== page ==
My research (and a lot of other people’s work) is often on how to improve the world around me, to build this ecosystem. Because this ecosystem is constantly changing, adapting itself on the present wants of the people. And it’s quite individual, everyone wants to do things in a different way, and that’s all possible. So the ecosystem looks different for everyone, they all connect with a different part of the ecosystem, you could say.

Money doesn’t exist anymore, basically everybody simply contributes what he can to the network, and gets out of it what he needs. But you can put some personal constraints on where you want do contribute. For example, like most people I’ve put that I don’t want to directly or indirectly contribute to the production of guns or weapons of mass destruction. Because of this, there are virtually no destructive weapons.

Today, a guy announced himself the leader of our community, and called together a meeting to describe the rules he decided, while also sending these rules over the net. I (and several others) immediately blocked my non-essential contributions to him, making that my contributions could only give him the resources necessary for survival, but nothing extra. Nobody showed up at the meeting, and the only reason people were reading these rules, where to see what of these forbidden stuff could be fun to do without hurting anyone. So quickly the streets became a playground where everyone was breaking the rules. Soon, the guy saw his mistake and backed down. Good, so I withdrew my blocking of contributions.

Less fun was that some kids found some sticks and beat up another kid with it, to force him to do whatever they wanted. He managed to get away, and we made sure he was in a house with some people who could protect him in case they would come back. But we suspected some people in this “gang” were also forced in it. They were all staying in one house, and some people decided to sneak in there at night, and take them one by one away to a different location. There, someone talked to them, trying to figure them out, and checking whether they needed protection and/or wanted to stay away from this group. Some where happy to go to a safe house, others quickly ran back to their house. As those remaining still had some power to get resources through force, me and several others decided to block them also from our essential contributions (so things like food, needed for survival). While as soon as their power diminished, we loosened these constraints.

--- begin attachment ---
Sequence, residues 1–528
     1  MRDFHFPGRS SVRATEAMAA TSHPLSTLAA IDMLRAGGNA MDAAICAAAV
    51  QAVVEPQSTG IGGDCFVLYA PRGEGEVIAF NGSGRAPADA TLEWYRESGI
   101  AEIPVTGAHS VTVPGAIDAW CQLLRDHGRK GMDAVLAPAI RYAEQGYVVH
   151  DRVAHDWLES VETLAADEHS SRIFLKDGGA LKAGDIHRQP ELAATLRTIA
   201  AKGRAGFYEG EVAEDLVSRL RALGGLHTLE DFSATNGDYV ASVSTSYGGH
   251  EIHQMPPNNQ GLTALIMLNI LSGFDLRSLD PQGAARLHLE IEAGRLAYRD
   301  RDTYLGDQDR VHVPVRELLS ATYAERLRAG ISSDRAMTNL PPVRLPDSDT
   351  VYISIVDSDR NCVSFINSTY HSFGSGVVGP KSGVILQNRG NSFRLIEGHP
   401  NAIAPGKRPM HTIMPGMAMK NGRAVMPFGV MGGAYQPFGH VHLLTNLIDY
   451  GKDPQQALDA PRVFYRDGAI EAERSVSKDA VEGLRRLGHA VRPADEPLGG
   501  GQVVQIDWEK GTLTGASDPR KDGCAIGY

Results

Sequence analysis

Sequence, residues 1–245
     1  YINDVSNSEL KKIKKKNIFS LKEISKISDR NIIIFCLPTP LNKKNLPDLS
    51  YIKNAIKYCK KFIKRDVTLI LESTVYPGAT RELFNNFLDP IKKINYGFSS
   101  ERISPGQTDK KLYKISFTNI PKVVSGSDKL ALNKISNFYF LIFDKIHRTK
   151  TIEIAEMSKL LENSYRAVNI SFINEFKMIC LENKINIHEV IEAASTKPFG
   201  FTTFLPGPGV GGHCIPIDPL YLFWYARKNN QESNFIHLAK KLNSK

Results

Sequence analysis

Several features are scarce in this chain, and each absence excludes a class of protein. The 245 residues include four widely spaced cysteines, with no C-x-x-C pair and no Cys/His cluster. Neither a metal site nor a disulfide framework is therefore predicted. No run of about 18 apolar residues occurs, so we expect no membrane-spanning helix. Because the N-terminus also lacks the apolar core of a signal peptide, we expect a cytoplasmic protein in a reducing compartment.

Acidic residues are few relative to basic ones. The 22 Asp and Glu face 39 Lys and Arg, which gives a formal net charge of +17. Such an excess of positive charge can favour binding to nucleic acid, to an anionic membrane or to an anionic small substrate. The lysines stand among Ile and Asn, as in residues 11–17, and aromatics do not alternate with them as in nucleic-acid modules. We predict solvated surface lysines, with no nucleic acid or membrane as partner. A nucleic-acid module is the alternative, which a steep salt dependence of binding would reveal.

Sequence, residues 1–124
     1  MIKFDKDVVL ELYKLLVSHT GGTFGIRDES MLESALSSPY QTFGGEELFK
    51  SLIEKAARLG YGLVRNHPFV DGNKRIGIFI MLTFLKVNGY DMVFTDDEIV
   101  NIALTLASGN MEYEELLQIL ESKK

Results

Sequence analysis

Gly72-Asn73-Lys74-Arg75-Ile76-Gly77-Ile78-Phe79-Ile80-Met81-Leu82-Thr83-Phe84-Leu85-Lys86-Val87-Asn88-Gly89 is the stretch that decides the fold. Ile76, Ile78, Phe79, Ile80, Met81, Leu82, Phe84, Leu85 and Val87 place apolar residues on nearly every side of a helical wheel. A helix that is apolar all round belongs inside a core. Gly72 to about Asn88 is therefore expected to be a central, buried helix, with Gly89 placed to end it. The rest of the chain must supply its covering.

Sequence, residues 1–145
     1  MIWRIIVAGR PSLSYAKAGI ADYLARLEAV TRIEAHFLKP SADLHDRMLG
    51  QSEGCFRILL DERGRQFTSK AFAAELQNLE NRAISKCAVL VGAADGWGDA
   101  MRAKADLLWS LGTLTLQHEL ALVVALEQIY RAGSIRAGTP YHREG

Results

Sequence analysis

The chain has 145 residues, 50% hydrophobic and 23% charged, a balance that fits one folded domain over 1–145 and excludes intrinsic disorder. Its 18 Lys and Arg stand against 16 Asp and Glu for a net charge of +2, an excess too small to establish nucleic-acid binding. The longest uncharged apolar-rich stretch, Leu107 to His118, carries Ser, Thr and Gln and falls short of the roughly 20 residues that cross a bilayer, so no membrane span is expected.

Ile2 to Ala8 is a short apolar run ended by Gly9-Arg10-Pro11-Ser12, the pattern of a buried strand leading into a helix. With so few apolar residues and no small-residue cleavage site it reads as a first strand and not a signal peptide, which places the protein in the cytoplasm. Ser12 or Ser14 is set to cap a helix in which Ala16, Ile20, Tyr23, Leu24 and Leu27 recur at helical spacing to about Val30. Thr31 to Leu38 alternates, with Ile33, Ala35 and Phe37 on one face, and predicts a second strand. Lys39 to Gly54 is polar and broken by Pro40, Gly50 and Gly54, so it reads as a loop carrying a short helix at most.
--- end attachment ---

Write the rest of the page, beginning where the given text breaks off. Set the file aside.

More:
Not everyone agreed with how this was dealt with, and we did had some discussions about it. Sure it wasn’t perfect, and maybe we’ll find better ways in the future.

Hence as you can see, they are no cops in this world, but we do use some mechanisms to keep us safe. It depends on the situation how we resolve conflict, but usually a conflict falls in one or more of these cases:

  • Somebody wants to gain power: terrorizes people, uses manipulation,… These are the examples given beforehand. We have a constant opposition in our nature, which makes that we see a seed of authority, we immediately push it down. There is kind of an ecosystem of struggle, which makes that our struggles give us energy, so that we aren’t burned out from this opposition, but get joy from it.

  • A personal conflict: usually, people will talk to both parties and try to find a solution that is ok for everyone.

  • Somebody that feels wronged, and does counteracts, often in a way other people feels wronged, creating a cycle. Again, somebody will talk to the person, and try to solve the wrongdoings.

Sure, these cases are often overlapping, and I know I’m still pretty vague about it. But we have people here who are pretty awesome in conflict management. I don’t always have the social intelligence to get how they do it, but in practice conflicts here rarely get out of hand.

From time to time I go a day in ‘independent mode’: all technology is switched off, just to make sure I can still live without. Can be quite annoying, spending the whole day doing dishes and cleaning. While usually I also do some survival stuff, searching for food to eat in the forest (part of my time is spend on learning what’s eatable and what not).

Cooking I often do, also when I’m not on ‘independent mode’ , simply cuz I like to prepare my own food. It is often done socially though: I cook for several people, and the other days I eat from what someone else cooked. We don’t necessary eat it together, it is perfectly fine to just take it and ate it alone or with somebody else.

In general social life looks like that: if you want to see friends or family, that’s easy, while if you want to be alone, that’s also easy.

I live at my own place, but one step out of the door and I can be in a collective living room where some friends are.

That’s eased because mobility is no longer such an issue. We can travel at light speed, so that what feels as a room next door, is actually long away. That makes that where we live is no longer an obstacle to visit others.

It is not that we no longer have any feel with our surroundings though, and we often still move at lower speeds, like by bike or feet. I move a lot, and our outsides are great for parkour!